In Jane Austen In Scarsdale, Paula Marantz Cohen closely examines and wryly parodies the college admissions process and all the personnel associated with that painstaking American right of passage in an upscale American suburb. She offers a tongue-incheek perspective of the requisites necessary for entry into the elite world of the Ivy League universities, including the tutors hired to boost GPAs and the selection of volunteer and after-school activities for their prospective value on college applications. The “packaging” of students for admission into colleges in all its intricacies is portrayed with uncanny wit.
Cohen offers us an in-depth examination of life in one of the most competitive communities in America while she chronicles contemporary life as seen through the eyes of the applicants to college, their neurotic over involved parents and the academics and highly specialized tutors brought in to maximize the students’ chances of admission into their dream schools. With humor and not just a tinge of cynicism, Cohen describes the trials and tribulations that must be endured by high school students in an upscale suburban neighborhood.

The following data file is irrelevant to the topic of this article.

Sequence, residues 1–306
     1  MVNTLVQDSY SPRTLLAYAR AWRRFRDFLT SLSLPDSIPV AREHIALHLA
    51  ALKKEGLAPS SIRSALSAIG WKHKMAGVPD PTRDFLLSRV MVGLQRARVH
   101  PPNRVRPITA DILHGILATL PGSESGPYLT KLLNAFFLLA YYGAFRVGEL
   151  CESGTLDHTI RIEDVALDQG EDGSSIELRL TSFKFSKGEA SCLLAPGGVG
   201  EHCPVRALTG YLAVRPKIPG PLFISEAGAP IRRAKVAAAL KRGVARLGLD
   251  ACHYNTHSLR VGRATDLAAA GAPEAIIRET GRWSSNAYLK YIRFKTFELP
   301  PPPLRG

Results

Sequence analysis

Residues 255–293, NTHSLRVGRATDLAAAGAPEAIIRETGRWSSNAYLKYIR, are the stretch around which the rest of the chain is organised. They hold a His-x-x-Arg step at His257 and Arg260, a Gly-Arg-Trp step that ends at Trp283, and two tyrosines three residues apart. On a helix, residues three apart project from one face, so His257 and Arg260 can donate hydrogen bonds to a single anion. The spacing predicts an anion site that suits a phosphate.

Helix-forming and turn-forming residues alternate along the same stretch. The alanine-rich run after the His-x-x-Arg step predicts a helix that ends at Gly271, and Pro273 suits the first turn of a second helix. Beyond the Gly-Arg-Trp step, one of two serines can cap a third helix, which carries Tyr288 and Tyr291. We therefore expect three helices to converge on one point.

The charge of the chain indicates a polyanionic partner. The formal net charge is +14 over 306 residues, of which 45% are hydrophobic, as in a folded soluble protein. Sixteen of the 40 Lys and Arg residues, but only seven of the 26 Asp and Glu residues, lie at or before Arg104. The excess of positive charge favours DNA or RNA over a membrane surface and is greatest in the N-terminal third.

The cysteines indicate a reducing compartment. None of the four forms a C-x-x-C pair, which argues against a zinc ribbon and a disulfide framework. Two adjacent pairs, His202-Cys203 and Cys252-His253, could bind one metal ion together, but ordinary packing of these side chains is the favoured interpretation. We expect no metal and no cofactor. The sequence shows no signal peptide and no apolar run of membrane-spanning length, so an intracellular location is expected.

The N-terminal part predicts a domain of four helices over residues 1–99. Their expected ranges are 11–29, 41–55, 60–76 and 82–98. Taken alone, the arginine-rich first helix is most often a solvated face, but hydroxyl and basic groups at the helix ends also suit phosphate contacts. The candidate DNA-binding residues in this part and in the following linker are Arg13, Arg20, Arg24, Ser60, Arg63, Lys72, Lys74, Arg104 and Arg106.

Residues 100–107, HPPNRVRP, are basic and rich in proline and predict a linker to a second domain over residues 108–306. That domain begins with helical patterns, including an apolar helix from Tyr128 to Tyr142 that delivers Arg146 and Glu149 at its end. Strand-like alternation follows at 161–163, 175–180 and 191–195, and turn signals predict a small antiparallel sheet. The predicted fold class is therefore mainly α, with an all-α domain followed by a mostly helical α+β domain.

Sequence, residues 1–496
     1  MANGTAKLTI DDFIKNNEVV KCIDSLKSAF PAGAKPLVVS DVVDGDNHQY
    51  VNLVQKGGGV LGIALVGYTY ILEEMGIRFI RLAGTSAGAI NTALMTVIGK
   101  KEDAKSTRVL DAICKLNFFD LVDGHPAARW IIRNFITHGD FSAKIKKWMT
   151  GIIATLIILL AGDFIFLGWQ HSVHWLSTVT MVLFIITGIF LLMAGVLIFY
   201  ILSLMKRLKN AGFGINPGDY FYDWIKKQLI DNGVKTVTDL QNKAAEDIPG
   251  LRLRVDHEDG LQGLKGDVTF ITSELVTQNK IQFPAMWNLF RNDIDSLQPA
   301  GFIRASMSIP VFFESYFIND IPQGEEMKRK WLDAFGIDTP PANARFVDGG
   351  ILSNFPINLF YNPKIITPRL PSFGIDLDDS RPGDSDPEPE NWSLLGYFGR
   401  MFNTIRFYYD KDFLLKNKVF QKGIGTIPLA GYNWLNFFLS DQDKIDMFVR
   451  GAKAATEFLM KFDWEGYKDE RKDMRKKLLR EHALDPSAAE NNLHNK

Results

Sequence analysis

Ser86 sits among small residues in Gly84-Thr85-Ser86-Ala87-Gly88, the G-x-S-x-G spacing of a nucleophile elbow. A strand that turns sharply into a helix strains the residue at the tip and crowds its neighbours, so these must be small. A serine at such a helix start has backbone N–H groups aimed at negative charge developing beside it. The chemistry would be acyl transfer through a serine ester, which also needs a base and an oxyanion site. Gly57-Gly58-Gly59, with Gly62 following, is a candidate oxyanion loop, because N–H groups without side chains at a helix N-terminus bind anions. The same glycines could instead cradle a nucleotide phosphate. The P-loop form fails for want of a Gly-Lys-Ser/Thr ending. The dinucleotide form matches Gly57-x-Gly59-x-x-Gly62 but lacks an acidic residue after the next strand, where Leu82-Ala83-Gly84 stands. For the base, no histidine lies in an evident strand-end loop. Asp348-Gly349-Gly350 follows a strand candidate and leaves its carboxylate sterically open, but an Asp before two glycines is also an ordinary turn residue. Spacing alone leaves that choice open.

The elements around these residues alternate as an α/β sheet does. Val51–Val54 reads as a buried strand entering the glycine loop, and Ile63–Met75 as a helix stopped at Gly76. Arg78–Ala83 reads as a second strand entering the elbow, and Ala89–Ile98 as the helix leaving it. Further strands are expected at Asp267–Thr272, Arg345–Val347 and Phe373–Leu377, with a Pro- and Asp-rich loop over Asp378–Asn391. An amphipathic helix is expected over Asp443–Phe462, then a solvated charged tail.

Many residents of communities similar to Scarsdale will undoubtedly recognize themselves in this novel, based loosely on Jane Austen’s Persuasion. Cohen has cleverly used Jane Austen’s satire and plot and turned it around to describe the dog-eat-dog world of the college application predicament.